The equality goals of the 1930s rested in part on the trans-substantivity of the Rules, cutting across an eclectic expanse of civil proceedings and assuming the fungibility of litigants. All kinds of cases were subject to the same regime. Further, to the extent that any rule worked to the advantage of a "plaintiff" or a "defendant," that advantage would be neutralized over time as, in some cases, a given person or entity would be a plaintiff and in other cases, a defendant-shaping a sense of a new neutral system, resulting in "equal justice under law."
For several decades, the 1938 Rules rested on their laurels. In 1963, Charles Clark, who had been the 1938 reporter, celebrated his project as he sought to deflect efforts to remove the Supreme Court from its role in rulemaking; Clark argued the system had worked. The Rules, "professionally conceived and professionally executed," had permeated "the daily professional life of all lawyers" and garnered no "criticism of major character." (8)
But criticisms have emerged as the progressive aspirations for simplicity, uniformity, and predictability met the challenges generated by new technologies, transformations in the legal profession, the constitutional and statutory innovations sketched above, and conflicts over norms that the Rules both represent and have engendered. The 1938 Federal Rules came into being not only in the era of segregation but also of mimeographing. Decades away were processes such as photocopying, computing, electronic data storage, and 3D printing, along with employment discrimination class actions, mass tort aggregation, same-sex marriage litigation, and thousand-person law firms.
Yet Clark and his colleagues reshaped ideas about what federal courts and judges do, how state courts organize their procedures, the ways in which the law is taught and lawyers practice, and who can be litigants. Federal judges gained their shared identity as a national cohort with the same daily practices.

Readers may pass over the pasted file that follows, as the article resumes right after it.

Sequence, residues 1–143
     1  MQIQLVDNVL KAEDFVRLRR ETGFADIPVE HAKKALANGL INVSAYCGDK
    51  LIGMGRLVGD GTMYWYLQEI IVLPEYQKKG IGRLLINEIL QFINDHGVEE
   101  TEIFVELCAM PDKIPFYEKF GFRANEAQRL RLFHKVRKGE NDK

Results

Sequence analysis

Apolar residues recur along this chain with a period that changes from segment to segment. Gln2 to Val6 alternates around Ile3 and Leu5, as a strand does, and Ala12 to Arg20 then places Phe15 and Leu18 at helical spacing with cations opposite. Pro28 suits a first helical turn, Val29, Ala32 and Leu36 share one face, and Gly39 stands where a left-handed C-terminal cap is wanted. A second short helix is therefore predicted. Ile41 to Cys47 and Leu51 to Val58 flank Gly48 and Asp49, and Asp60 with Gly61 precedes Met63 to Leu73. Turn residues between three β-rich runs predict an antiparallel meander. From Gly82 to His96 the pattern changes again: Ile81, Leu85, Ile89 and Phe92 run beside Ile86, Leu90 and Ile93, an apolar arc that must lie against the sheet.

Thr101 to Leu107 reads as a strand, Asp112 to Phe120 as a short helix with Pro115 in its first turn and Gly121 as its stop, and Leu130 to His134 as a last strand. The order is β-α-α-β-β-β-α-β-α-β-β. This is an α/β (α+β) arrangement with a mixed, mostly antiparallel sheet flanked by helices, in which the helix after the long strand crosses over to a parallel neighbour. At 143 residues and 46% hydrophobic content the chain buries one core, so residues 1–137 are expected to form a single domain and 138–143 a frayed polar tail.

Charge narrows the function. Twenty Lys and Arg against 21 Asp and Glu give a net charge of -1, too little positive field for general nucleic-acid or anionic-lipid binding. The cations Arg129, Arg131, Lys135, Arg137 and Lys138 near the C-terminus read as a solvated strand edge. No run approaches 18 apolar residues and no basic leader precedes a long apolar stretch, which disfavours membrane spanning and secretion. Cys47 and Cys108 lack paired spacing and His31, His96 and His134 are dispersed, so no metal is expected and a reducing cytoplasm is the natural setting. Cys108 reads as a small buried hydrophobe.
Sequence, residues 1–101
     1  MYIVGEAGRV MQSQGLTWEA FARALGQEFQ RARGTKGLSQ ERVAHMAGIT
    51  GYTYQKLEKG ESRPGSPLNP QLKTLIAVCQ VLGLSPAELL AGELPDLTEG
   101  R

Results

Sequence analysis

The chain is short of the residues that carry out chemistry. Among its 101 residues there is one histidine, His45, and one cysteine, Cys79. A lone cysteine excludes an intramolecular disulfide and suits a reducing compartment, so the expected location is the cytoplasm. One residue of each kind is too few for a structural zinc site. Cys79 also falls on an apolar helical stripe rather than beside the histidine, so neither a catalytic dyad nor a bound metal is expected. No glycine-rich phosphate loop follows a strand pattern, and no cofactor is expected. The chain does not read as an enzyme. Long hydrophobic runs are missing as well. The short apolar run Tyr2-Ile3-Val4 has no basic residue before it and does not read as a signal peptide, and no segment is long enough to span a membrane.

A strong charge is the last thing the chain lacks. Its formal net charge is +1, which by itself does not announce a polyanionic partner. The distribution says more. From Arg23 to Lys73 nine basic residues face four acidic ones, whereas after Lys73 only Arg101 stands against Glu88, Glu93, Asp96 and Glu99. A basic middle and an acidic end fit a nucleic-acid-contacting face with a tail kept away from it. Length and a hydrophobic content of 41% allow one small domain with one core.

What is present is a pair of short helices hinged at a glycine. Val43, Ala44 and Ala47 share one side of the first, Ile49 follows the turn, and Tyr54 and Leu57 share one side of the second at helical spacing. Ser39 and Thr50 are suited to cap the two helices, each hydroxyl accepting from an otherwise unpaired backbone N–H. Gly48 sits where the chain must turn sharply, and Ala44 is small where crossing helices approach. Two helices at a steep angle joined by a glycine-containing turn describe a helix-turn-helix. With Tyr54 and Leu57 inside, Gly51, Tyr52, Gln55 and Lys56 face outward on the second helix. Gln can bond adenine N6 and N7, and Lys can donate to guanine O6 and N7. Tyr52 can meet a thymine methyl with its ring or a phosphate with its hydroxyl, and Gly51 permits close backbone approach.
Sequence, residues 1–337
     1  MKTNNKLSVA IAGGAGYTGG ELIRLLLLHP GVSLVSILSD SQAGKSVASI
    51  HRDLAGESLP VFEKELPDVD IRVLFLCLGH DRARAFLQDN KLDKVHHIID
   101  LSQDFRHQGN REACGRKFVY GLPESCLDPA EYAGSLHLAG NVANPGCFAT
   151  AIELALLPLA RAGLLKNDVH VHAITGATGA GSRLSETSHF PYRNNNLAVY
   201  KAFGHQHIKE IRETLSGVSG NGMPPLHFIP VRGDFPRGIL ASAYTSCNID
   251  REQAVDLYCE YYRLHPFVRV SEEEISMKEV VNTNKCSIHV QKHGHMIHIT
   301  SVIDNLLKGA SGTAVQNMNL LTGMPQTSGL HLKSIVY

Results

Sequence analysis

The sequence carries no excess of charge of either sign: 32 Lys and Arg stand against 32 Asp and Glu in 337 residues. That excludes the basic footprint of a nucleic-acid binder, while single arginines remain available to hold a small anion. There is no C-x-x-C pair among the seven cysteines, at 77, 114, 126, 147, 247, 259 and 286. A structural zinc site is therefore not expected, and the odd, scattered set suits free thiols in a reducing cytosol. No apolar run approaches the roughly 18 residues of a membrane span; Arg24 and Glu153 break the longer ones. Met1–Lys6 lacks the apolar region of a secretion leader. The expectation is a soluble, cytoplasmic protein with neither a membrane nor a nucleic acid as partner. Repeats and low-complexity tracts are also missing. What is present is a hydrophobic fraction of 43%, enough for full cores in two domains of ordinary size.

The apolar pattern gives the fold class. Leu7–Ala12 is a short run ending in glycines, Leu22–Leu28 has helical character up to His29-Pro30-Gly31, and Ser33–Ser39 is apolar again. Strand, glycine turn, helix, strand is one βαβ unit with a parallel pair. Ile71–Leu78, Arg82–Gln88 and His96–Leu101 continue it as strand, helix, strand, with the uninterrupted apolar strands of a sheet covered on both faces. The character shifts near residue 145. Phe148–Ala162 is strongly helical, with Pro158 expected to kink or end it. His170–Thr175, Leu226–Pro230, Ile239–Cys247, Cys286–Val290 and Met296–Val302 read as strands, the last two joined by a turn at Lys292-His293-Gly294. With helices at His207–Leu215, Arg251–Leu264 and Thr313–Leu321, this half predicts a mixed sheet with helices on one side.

For litigants, the 1938 Rules were redistributive, providing diverse sets of claimants with access to courts. Clark wrote his hortatory praise when a committee, chartered by Chief Justice Earl Warren, was reviewing the Rules. Benjamin Kaplan, a Harvard Law School professor, was its reporter, assisted by Arthur Miller. (9) Their committee is known for its focus on multiparty litigation and for its signature accomplishment, the revision of Rule 23, governing class actions. The revised Rules paved the way for groups- tenants, consumers, employees, recipients of benefits, school children, and prisoners-to come to federal court.
The now-national shorthand of the (b)(2) class worked in tandem with the civil rights revolution, for it was expressly designed to enable enforcement of school desegregation decrees. (10) The (b)(3) class brought-as Kaplan explained-new remedies for consumers, bundling small-value claims. (11) The class action rule, intersecting with the judge-promoted multidistrict litigation statute and mass tort defendants entering bankruptcy, shifted expectations, as various forms of aggregation became the norm for diverse kinds of claimants. (12)
By redistributing access to courts, the Rules undermined the earlier premises of fungible litigants and produced the current understanding that, in a substantial number of cases, governments and corporations would be defendants, charged by individuals or groups with imposing harms. "Plaintiff" and "defendant" became identity-based categories that meant that not all would benefit or suffer equally from the impact of civil rules-a point that repeat players came to understand well. (13)
What the 1938 Federal Rules also gave litigants and the public was access to information. The asbestos litigation is a "poster case" of discovery's powers and of the impact of public disclosure on debates about liability for harms and the shape of remedies. (14) Thus, at the fiftieth anniversary of the Federal Rules in 1988, Benjamin Kaplan concluded that the Rules
have worked to considerable (if not universal) satisfaction to support revolutions of the substantive law. The much criticized discovery function and class action remain together the scourge of corporate and governmental malefactors. (15) II. INVESTING IN FEDERAL JUDICIAL POWER
Congress not only delegated rulemaking power to the judiciary but also endowed federal judges with an array of enforcement powers. Between the 1960s and the 1990s, Congress created hundreds of new federal causes of action, thereby inviting investment of private resources-both funded and pro bono-for enforcement of or to defend against these new rights. Congress added public resources by expanding the Justice Department and other federal agencies, chartering more life-tenured judgeships, inventing (at the behest of federal judges) the position of magistrate judge, adding bankruptcy judges, expanding the numbers of law clerks and other court staff, and authorizing the construction of hundreds of new courthouses.
During much of the twentieth century, the federal courts were a booming industry. Two...